1.  The author does a great job portraying the small-town charms of the small town that Marianne finds herself in. There is an interesting (but large) cast of secondary characters that envelop Marianne in their lives. I felt that some of the friendships came a bit too easily. Maybe it’s because I don’t reveal myself as easily as Marianne does, or maybe it’s because I don’t live in a small town, but that part felt a little unrealistic. So, too, does the fact that Marianne is able to find a good job and place to live within a day or so of landing at the coast. Is it really that easy? Especially considering Marianne is now in her 60s, I think? I am happy that she is able to reinvent herself, but I would have liked a little more struggle — a few more obstacles besides the sometimes dark thoughts that run around her head — before she could settle in to her new routine.

2.  The ending was definitely a surprise, and I think it saved the story for me. As the novel progressed, I sort of got lost in all of the names of the characters, which meant that there were a few too many for my liking. I liked being alongside Marianne as she grew in her role at the restaurant, but all the other stuff outside of the day-to-day, which is usually what interests me more, didn’t do it for me this time round.

3.  I’d recommend the book for anyone who likes stories about the French seaside, women’s growth, and happy endings … with the caveat that they’d have to adopt a little willing suspension of disbelief, and wade through lots of interactions with Breton neighbours before getting to the good ending.  I’d say that this was just under 4 stars for me.

 

3.5 Squinkles

 

Nina George’s Online Corners
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Thank you, First to Read, for sending me a copy of
The Little French Bistro in exchange for an honest review.

All Squinklethoughts expressed herein are entirely my own.

The Only Child (Andrew Pyper)

9 Jun

Fans of Frankenstein, Dracula, and The Strange Case of Dr. Jekyll and Mr. Hyde will recognize a lot of their favourite stories in Andrew Pyper’s The Only Child. If you’re looking to read along the lines of creepy, gothic, or psychologically thrilling, well, you’ll find them all in this novel.

 

Only Child

Squinklethoughts

1.  I don’t care much for the horror and thriller genre. The only reason I decided to give The Only Child a go was because it was by Andrew Pyper. I enjoyed The Demonologist from a few years back, so I was happy to read his words again. When I find authors I like, I’m eager to give their new worlds a try.

2.  I wasn’t as scared as I thought I would be, which really is very good news for people like me who don’t enjoy the heart-pounding scenes. I pegged this novel as a horror story based on the blurb on the back cover, but I think I’d classify this more as a psychological thriller. The main character, Lily, goes back and forth in her thoughts about the goodness of the people she meets, and it was very nerve-wracking trying to do the same. Is Michael going to kill her? Is Will a decent guy? What about Lionel?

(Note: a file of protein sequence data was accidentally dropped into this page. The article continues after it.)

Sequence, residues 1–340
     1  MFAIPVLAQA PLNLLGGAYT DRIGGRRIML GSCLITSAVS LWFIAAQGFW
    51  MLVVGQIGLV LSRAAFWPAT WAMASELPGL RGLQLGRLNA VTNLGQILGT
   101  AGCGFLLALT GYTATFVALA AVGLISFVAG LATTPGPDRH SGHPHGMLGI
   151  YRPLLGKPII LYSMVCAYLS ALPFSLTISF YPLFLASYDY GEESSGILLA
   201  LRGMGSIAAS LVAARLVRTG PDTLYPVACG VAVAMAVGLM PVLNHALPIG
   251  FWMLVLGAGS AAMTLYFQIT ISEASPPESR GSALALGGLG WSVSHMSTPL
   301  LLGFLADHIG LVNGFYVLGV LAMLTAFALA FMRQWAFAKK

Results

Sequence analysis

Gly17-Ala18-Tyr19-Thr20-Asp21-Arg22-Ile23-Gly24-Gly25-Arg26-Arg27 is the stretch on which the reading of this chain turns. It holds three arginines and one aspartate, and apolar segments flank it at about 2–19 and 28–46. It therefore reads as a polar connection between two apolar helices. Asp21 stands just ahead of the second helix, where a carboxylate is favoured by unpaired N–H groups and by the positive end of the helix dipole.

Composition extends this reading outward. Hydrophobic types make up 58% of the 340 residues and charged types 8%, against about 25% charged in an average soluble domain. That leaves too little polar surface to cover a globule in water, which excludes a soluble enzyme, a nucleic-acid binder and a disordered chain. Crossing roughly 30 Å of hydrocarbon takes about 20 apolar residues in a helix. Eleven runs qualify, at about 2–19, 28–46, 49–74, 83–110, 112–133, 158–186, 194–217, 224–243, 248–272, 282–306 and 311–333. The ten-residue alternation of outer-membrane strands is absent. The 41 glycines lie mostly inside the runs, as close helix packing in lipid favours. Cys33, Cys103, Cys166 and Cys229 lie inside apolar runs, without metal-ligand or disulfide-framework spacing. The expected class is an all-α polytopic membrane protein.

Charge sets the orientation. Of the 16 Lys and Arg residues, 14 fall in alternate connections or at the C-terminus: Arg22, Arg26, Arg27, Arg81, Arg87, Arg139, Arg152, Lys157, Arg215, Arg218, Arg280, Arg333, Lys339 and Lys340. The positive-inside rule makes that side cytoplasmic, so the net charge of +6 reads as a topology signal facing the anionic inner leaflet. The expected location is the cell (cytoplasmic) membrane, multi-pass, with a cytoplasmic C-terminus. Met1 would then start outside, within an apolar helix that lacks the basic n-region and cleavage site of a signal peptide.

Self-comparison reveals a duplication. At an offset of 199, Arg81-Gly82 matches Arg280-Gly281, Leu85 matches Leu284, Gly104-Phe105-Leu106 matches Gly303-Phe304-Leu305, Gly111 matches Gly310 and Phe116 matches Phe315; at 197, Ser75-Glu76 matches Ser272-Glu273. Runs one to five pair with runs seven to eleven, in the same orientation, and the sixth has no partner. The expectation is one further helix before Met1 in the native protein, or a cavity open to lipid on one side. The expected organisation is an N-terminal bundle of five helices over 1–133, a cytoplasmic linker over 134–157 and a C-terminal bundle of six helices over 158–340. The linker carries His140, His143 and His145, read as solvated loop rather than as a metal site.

3.  Let’s talk about Lily for a second. In truth, she’s not my favourite MC. In fact, she gets on my nerves a little bit. I didn’t really enjoy her indecision, and she seems a bit too reckless for me. For someone who’s supposed to be smart and an expert in her field, I figured she wouldn’t really be the type to leave her comfortable life and go traipsing about Europe in search for answers and a mad man/non-man. But, there she goes anyway. The story is written in third-person perspective, so I attribute the fact that Lily’s thoughts get under my skin to Pyper’s prowess with prose. There is a lot of narration specifically about her thoughts, but at many points of the story, I felt as if Lily were sharing her thoughts herself, rather than a narrator telling me a story.

4.  One of the reasons I enjoyed The Demonologist and now The Only Child is because I really like the way Pyper paints pictures with his words. His imagery seems to come effortlessly, and yet, it can transport you to whichever old-world club or pub he is describing. I find myself entering the lavish Savoy or walking around the Villa Diodati with Lily with ease. It is so easy to highlight paragraphs and passages to show my students examples of masterful writing.

 

Only Child 2

 

5.  Throughout the book, I found myself caring more for Michael than I did for Lily, and I think that’s just incredible. Pyper manages to evoke all sorts of sympathy from me for his monster, and if I meet the author again, that’s something I’d definitely ask him about. Did he mean to make him more likable than Lily? Of all the twists and turns in this story, I never expected that.

 

4 Squinkles

 

Andrew Pyper’s Online Corners
Website | Facebook | Twitter | Instagram | Chapters/Indigo

 

Thank you, Simon and Schuster Canada, for sending me a copy of
The Only Child in exchange for an honest review.

All Squinklethoughts expressed herein are entirely my own.